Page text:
Underlying all this is the notion of a “two-speed” eurozone. If southern eurozone countries, e.g. Italy and Greece, remain structurally uncompetitive, they allegedly might be subject to rolling bailouts in one form or another. In a monetary union that isn’t also a fiscal transfer union, where wealthier countries’ taxes make up budget shortfalls for those less well off—institutionalized transfers members all agree to—financial crisis is, supposedly, inevitable. Weaker countries will rack up debts until they can’t pay them—or they are cut off—at which point, unable to inflate them away without a printing press, they enter a deflationary debt spiral, possibly including a “doom loop” (for extra style points) if their banks are holding the bag.

If this happens repeatedly, it would seem northern powerhouses, fed up, would either force southern stragglers out or leave to form a league of their own. Or, some have suggested, create a second-tier minor league to, as they say in European football, relegate countries that don’t measure up—with their own parallel currency.

All these issues have been well known from the start, though—it isn’t as if the euro’s architects weren’t paying attention during the ERM crisis. The problem is solutions for them are politically contentious. Somewhat helpfully, though, Europe’s rolling sovereign debt crisis from late 2009 through the early teens, which caused a regional bear market and recession, brought them into the spotlight—spurring (slow-moving) action. In typically bureaucratic fashion, the eurozone has since launched several long-running initiatives to address its underlying structural weaknesses.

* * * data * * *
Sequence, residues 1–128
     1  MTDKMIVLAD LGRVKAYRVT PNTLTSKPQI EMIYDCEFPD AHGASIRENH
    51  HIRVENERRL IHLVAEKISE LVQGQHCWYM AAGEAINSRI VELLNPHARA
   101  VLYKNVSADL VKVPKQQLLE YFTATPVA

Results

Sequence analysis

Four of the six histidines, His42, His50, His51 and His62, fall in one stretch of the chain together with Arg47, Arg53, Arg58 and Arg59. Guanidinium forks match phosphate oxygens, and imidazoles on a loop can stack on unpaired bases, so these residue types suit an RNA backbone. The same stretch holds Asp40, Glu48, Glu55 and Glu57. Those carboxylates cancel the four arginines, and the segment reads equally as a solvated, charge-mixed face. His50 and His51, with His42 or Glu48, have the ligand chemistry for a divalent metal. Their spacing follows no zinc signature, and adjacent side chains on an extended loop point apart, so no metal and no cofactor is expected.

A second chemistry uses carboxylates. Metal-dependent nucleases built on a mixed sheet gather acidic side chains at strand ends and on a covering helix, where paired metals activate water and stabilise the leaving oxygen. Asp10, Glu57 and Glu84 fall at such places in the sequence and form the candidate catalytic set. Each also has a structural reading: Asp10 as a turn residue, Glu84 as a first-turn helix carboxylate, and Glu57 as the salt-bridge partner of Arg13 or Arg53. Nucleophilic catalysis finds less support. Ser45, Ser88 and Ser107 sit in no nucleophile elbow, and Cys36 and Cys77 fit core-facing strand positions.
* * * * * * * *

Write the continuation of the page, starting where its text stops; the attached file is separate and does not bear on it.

At the time, we surmised that the solutions under discussion wouldn’t take months, but years to work out, becoming part of the long-term structural backdrop as they played out in fits and starts. That has largely happened. Take efforts to establish the banking and fiscal unions that many think are necessary for the monetary union to work. Banks once regulated mainly at the national level are increasingly supervised by the EU under a single rulebook—to monitor for financial problems and resolve any under a common framework. However, some don’t think a banking union will be complete until there is an EU-wide deposit insurance scheme. While proposed, it hasn’t adopted one yet. Without EU-insured deposits, proponents say, banks will remain beholden to national governments, perpetuating tight ties between them and ripe doom-loop conditions.

On the fiscal side, the pandemic brought a bit of a breakthrough. For the first time, to fund its recovery efforts and “green” initiatives, the EU issued its own bonds, which global investors snapped up, and distributed the proceeds among member states. This may be a one-off—we haven’t seen much to indicate the EU is ready to go to the well regularly to establish a deep and liquid EU bond market, like for US Treasurys.